On the Record

Weak Outlook for Housing Market Recovery

New data show that new home sales reached a record low last month, and sales of previously owned homes unexpectedly fell 2.2 percent as well, even as mortgage rates remained near an all-time low.  Ted Gayer says the numbers show the housing market is still weak and that various policy interventions have had mixed results.

TRANSCRIPT

Impact of Policy on Housing Market

We saw a significant drop in new home sales today (about 33%) and we saw a very large drop in existing home sales earlier in the week. Both are suggesting (or pointing to the fact) that we have a very weak housing market. Part of these data are just showing that we had a pull forward in housing sales from the first-time homebuyer tax credit. Now, as that expires, we would expect some of that to be replaced with a reduction in housing sales. I think mostly what we are seeing here is a fundamentally weak housing market. A large excess inventory of homes still exist, putting downward pressure on prices, and so I think it portends to continued weakness in the housing market for the second half of the year.

Slow and Painful Market Adjustment

The housing market is weak based on some core fundamentals. We had a huge build-up in housing construction during the boom and then prices came crashing down, so you have a combination of two things. One is you had an enormous number of homes being built. Then when we had a recession, with the downturn in the economy you had a slow-down in household formation. So there is less demand for homes also. So the combination of those two things, essentially, leads to a glut of houses which really puts downward pressure on prices.

Over the past year (or even more than a year) there has been enormous government effort to try to sustain this, but, at the heart, we still have a fundamental problem in the housing market. It is a slow and painful adjustment. Some of the government programs have tried to delay that, and some of them have tried to boost demand or even restrict supply through preventing foreclosures, but what we are seeing now is just the working through of this fundamental problem of excess supply.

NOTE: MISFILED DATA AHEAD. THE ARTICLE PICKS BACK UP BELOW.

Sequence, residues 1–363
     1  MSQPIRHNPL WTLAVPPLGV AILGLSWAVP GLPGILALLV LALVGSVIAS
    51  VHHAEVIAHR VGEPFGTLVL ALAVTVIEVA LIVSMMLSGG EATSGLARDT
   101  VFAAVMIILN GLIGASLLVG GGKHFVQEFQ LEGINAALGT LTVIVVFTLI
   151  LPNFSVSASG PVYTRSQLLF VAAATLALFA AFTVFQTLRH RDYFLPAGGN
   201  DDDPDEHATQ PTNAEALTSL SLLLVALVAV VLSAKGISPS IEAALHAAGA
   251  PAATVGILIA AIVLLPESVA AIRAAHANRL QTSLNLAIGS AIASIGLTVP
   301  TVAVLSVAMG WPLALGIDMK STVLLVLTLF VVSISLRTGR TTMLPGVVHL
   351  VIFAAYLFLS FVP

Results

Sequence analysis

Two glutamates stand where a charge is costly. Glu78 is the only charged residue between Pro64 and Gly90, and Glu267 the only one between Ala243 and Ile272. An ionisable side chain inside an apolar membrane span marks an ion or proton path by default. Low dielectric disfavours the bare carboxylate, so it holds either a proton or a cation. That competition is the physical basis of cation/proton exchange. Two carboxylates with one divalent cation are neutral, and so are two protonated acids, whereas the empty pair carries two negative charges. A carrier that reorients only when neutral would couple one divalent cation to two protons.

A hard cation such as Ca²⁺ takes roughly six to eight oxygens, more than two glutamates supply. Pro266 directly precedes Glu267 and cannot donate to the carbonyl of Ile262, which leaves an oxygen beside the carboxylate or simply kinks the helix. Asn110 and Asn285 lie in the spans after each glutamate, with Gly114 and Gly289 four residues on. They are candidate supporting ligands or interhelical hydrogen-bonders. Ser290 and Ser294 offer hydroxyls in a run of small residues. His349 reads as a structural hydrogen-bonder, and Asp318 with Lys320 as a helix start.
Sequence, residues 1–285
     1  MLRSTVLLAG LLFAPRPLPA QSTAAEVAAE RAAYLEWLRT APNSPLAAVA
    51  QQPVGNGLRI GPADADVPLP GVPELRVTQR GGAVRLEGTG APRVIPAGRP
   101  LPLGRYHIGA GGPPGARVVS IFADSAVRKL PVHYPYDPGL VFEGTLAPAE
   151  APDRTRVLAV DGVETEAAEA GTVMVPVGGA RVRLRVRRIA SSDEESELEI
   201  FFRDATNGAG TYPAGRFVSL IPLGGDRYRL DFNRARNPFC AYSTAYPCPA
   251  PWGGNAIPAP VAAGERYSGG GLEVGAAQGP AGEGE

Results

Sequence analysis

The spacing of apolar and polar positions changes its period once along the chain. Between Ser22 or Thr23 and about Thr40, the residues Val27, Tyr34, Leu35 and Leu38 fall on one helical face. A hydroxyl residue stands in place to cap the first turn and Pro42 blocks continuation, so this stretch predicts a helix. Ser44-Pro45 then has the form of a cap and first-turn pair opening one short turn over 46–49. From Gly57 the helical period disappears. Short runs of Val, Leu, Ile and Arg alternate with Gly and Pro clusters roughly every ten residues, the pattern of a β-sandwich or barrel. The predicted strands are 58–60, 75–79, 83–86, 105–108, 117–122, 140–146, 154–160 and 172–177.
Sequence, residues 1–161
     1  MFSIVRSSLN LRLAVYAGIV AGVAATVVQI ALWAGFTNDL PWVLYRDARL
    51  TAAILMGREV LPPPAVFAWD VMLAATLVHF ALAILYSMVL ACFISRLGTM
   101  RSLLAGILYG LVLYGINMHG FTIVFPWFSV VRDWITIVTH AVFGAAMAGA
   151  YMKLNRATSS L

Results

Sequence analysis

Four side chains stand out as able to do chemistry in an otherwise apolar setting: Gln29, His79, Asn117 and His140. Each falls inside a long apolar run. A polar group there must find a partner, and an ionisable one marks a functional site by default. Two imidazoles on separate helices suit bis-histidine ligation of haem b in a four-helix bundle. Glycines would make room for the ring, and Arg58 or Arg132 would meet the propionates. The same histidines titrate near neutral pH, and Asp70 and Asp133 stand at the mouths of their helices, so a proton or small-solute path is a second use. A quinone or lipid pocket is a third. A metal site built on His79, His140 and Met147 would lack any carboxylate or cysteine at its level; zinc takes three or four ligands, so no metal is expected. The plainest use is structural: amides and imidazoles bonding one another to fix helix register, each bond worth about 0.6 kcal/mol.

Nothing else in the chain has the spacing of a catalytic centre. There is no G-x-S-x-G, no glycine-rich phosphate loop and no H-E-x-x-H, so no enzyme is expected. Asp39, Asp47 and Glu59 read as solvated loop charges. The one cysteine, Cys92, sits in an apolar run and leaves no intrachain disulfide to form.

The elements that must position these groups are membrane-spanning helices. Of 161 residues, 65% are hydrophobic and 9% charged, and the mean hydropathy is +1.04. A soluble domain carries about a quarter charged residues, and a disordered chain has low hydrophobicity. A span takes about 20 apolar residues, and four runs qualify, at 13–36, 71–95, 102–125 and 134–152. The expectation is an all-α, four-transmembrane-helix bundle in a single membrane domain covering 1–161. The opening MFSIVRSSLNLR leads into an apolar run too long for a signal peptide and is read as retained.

Mixed Success through Intervention

I would give different grades to the different government interventions. In one sense you had an enormous intervention from the Federal Reserve supporting the mortgage finance market, which I think was a wise policy. That was, I think, rather successfully phased out without a significant jump (in fact, without much of a jump at all) in mortgage interest rates.

Other policies I would give lower grades. On the first-time homebuyer tax credit, I think at its heart it was poorly targeted and it really didn’t get at the fundamental problem of what we have in the housing market. It created some activity in housing sales, but ultimately we still have an excess supply of houses, and that really didn’t address it.

Foreclosure prevention – it is hard to know how to grade that. With HAMP (the key Treasury program to prevent foreclosures), they are not stellar numbers, they are rather weak I think. But not unexpectedly so when you have this many people underwater on their mortgages, and with the elevated unemployment that we have, it is really hard to know what exactly you can do to prevent foreclosures from occurring. Perhaps what the program has done is it has kind of drawn out the process. Whether or not that is a good thing or a bad thing I think is up for legitimate debate. What we are seeing, I think, as this HAMP program continues, is we are somewhat seeing the playing-out of the inevitable, which is that although it is slow in the process, these are still homes that are (for the most part) going to be hard to prevent from going into foreclosure or some sort of distress sale.